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Air show takes over Iowa City skies

Fly Iowa returns to wow crowds for first time in a decade

Jim Jones, of Newton, IA fuels up his restored WWII  aircraft before the Fly Iowa air show in Iowa City on Saturday Jun. 28, 2014. Jones spent seven years and three months restoring the plane, which is one of only 102 of that model. (Liz Zabel/The Gazette-KCRG TV9)
Jim Jones, of Newton, IA fuels up his restored WWII aircraft before the Fly Iowa air show in Iowa City on Saturday Jun. 28, 2014. Jones spent seven years and three months restoring the plane, which is one of only 102 of that model. (Liz Zabel/The Gazette-KCRG TV9)

IOWA CITY — Necks arched upward Saturday as thousands trained their gaze on an array of aircraft roaming the skies above Iowa City.

The Fly Iowa event returned to the city for the first time in more than a decade, and about 2,000 people ventured to the Iowa City Airport to watch the nearly two-hour air show that featured about a dozen acrobatic acts.

Paul Berge, air show announcer, called out hammer heads, corkscrews and rolls as pilots maneuvered their planes to near-vertical position before accelerating down for passes just slightly above the crowd.

Meggin Plassey, who attended the event with her husband and two daughters, said she enjoyed the “small, intimate” atmosphere,” which allowed for an up-close perspective during the show.

Pilot Erik Edgren said he got his start growing up in a flying family on their farm in Ottumwa before graduating into his role as a part-time air show performer. As a child, he said he would go to air shows and just be “enthralled.”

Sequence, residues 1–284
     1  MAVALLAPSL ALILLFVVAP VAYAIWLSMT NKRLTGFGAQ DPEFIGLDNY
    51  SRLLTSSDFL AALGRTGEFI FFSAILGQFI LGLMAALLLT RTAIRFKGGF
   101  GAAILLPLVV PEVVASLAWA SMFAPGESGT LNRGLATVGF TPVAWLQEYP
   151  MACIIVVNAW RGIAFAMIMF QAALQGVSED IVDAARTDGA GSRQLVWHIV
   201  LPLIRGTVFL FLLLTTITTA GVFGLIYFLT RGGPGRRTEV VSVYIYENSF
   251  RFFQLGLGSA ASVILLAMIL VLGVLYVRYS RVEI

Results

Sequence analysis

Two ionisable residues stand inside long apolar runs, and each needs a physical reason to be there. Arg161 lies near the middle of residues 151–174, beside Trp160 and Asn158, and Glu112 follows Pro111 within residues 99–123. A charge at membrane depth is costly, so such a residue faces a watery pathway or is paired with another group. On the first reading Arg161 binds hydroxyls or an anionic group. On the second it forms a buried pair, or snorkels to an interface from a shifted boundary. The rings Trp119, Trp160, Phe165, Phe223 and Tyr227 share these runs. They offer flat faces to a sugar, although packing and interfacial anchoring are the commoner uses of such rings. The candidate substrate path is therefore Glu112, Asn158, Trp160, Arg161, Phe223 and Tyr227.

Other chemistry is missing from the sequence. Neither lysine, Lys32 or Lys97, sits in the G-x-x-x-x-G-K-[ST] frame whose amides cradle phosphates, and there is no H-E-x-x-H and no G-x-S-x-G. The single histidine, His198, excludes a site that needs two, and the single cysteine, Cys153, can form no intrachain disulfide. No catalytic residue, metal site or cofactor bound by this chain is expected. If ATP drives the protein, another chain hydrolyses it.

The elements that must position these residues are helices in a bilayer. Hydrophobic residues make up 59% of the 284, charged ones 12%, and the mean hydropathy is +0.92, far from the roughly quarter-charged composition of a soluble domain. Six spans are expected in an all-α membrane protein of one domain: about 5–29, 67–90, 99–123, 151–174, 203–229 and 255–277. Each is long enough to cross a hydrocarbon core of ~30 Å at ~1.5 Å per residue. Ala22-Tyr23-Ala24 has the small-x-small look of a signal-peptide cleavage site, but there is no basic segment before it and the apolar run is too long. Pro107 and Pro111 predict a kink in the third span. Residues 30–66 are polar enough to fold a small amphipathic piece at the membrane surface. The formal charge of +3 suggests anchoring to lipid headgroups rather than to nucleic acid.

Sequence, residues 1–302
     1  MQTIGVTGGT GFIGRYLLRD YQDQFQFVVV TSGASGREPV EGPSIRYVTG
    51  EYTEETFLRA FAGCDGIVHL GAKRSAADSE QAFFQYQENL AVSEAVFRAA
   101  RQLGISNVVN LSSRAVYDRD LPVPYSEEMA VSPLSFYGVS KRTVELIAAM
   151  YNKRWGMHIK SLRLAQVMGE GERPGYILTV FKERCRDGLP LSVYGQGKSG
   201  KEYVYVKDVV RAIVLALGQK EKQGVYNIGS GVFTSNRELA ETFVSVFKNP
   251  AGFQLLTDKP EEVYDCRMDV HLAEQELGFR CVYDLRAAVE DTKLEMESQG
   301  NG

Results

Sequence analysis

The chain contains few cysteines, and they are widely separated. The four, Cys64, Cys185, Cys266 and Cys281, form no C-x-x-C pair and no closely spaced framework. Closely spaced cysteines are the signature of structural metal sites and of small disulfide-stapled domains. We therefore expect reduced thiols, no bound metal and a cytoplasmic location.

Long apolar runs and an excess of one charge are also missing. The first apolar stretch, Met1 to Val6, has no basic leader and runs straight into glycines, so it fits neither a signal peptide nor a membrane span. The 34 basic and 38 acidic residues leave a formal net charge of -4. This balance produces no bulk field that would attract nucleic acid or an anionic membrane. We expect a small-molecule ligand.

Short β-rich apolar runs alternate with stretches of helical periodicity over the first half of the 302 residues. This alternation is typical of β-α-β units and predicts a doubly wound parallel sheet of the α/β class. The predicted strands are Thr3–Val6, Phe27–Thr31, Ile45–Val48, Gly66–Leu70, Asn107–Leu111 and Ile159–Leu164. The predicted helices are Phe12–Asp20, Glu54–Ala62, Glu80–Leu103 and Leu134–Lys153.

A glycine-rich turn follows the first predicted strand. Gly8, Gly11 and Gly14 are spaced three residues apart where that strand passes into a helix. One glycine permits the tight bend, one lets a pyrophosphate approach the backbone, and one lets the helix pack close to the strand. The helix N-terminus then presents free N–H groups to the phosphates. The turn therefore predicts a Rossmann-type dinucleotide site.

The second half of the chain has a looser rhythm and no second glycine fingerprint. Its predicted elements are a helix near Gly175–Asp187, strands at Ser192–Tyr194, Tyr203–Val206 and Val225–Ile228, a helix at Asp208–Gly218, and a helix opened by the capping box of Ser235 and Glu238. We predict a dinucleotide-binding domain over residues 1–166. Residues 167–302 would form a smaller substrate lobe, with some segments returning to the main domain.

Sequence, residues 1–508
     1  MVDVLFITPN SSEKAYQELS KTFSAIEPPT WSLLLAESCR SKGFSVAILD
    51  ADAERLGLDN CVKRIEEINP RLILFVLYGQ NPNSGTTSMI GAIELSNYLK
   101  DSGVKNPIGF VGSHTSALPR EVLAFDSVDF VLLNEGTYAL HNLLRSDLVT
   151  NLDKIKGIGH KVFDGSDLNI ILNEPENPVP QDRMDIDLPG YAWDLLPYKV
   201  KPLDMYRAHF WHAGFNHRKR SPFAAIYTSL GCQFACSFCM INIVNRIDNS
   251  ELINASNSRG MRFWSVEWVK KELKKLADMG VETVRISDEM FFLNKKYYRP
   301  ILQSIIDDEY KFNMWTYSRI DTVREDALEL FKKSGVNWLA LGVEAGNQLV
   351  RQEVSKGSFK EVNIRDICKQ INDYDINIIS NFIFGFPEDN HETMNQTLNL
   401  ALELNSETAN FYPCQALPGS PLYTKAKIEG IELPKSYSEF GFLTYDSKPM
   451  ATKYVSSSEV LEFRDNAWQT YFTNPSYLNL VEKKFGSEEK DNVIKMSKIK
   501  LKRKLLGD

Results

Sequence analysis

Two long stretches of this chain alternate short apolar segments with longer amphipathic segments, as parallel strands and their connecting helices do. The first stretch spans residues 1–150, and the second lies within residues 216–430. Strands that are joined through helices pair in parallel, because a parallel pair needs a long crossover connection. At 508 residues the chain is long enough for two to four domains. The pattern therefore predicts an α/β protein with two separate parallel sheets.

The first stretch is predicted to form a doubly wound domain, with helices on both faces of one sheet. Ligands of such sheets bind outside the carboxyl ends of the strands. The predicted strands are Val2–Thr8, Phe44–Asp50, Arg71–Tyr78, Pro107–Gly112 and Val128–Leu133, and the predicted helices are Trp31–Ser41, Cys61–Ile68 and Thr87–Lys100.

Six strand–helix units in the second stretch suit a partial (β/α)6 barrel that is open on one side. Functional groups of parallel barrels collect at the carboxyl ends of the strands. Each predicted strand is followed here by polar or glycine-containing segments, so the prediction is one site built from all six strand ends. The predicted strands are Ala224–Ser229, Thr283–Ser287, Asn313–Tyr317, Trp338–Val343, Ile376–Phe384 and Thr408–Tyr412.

“I’m 45 years old, and I plan on doing this safely enough so I can do this for another 30 years ... and one day bounce a grandkid on my lap,” he said.

Edgren, who flies a clipped-wing aircraft, said one of his highlights is “the view from above,” where he can gaze out from the cockpit and see the world below.

But he said one of the best parts remains signing autographs for kids, who lined up along the runways at the end of each performer’s run.

Providing a segue for aviation to impact the children in attendance was a theme fellow pilots agreed on.

“I remember being that age and finding that inspiration,” Aaron Werner, left wing pilot for the Vanguard Squadron, said of the throngs of autograph-seekers.

Werner said he went to as many air shows as he could growing up, and that blossomed into a love for aviation.

Event organizers said the show provides a platform for the public to see the effect aviation has on the community.

“(It) gives people an opportunity to see that’s there’s more to (an airport) then just noisy planes flying overhead,” said John Moes, president of Fuel Design, which helped stage the event.

l Comments: (319) 538-4543; brent.griffiths@sourcemedia.net

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